A Thousand Worries

Black Women Mothering Autistic Sons

By Jeannine E. Dingus-Eason

Subjects: Education, Gender Studies, African American Studies, Health, Special Education, Anthropology Of Education
Series: SUNY series in Black Women's Wellness
Hardcover : 9781438496122, 235 pages, January 2024
Paperback : 9781438496139, 235 pages, July 2024

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Table of contents

Prelude: “I Am Caleb’s Mom”

1. Study Overview

2. The Making of Black Autism Mothers

3. “Black Mommas Need Action Items”

4. Black Mothers at the Intersection of Race, Class, Gender, and Autism

5. Education at the Intersection of Race, Class, Gender, and Autism

6. Black Is the New Autism: BAMs and Autism Representation

7. BAMs and the Future


Deeply engaging study of how fourteen Black mothers—including the author—support and advocate for their autistic sons.


Autism is rising across the United States but disproportionately affects Black children and their families. While White middle-class families tend to be the focus of autism research and services, A Thousand Worries tells the stories of fifteen Black mothers of autistic sons, including the author’s own story. Interweaving her personal experience and research findings, Jeannine E. Dingus-Eason examines the intersections of race, class, and gender and the complexities of parenting, care, and services for Black autism mothers, or BAMs. Dingus-Eason shows how BAMs leverage their faith, support networks, and knowledge of autism to advocate for their sons in cultural and sociopolitical contexts that consistently dehumanize, criminalize, and adultify Black boys. A Thousand Worries will give families, scholars, and practitioners in education, social work, human services, and health insight into not only BAMs' many concerns and challenges but also their strengths, strategies, and abiding love. At times moving, uplifting, funny, and raw, their testimonies illuminate the power dynamics between parents and providers, the value of supportive partnerships and mutual trust, and the need for culturally responsive services.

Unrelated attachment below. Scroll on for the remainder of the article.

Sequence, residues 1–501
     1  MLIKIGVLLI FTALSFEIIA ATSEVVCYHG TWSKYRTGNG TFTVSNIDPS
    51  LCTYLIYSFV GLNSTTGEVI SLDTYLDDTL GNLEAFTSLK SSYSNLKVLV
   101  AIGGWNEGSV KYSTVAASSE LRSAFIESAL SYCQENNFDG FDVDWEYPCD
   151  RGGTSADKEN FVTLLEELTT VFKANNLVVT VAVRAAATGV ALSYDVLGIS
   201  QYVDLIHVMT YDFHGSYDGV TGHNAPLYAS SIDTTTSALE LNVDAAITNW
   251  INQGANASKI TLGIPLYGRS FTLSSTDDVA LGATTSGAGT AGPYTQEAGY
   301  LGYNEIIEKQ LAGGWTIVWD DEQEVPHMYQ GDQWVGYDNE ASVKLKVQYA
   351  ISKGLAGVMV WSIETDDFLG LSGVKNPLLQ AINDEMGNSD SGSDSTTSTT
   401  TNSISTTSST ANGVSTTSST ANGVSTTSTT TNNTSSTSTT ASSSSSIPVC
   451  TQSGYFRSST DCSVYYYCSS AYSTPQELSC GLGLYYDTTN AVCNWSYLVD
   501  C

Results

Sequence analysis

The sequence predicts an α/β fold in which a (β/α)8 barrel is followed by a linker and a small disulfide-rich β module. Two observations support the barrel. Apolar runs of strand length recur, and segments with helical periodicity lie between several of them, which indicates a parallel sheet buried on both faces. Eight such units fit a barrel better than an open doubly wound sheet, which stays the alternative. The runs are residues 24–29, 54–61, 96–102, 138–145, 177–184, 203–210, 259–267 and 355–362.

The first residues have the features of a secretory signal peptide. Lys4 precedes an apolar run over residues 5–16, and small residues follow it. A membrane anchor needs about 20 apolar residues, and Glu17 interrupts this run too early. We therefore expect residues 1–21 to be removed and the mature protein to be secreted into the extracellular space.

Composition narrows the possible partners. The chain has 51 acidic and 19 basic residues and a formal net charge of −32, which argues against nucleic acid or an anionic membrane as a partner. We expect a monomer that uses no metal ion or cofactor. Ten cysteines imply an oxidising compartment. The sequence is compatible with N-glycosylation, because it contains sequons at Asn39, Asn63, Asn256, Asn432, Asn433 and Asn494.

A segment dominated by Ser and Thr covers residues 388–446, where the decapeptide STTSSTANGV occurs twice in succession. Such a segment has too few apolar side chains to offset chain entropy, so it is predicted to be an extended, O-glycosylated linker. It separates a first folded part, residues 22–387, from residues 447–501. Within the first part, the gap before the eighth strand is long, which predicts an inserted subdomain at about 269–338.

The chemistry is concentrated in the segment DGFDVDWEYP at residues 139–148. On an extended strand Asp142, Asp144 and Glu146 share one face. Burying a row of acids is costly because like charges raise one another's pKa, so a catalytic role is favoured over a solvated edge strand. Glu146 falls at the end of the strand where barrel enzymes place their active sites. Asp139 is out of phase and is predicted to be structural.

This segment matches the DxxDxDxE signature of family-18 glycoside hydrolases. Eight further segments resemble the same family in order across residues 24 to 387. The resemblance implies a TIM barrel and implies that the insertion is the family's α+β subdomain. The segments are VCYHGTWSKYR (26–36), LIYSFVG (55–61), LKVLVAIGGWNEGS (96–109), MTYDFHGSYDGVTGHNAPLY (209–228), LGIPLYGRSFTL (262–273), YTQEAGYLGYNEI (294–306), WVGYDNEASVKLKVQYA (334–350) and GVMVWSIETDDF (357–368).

Jeannine E. Dingus-Eason is Dean of the Feinstein School of Education and Human Development at Rhode Island College.


"Dingus-Eason deftly captures Black mothers' savvy, resilience, agency, protectiveness, wisdom, and critiques in the face of systemic inequities. The book offers both a nuanced, strength-based view of Black families and a holistic portrait of the social service, health, education, and law enforcement sectors. Accessible, poignant, and compelling, it will appeal to scholars from multiple disciplines and Black families caring for children with autism." — Camille M. Wilson, coeditor of Advancing Equity and Achievement in America’s Diverse Schools: Inclusive Theories, Policies, and Practices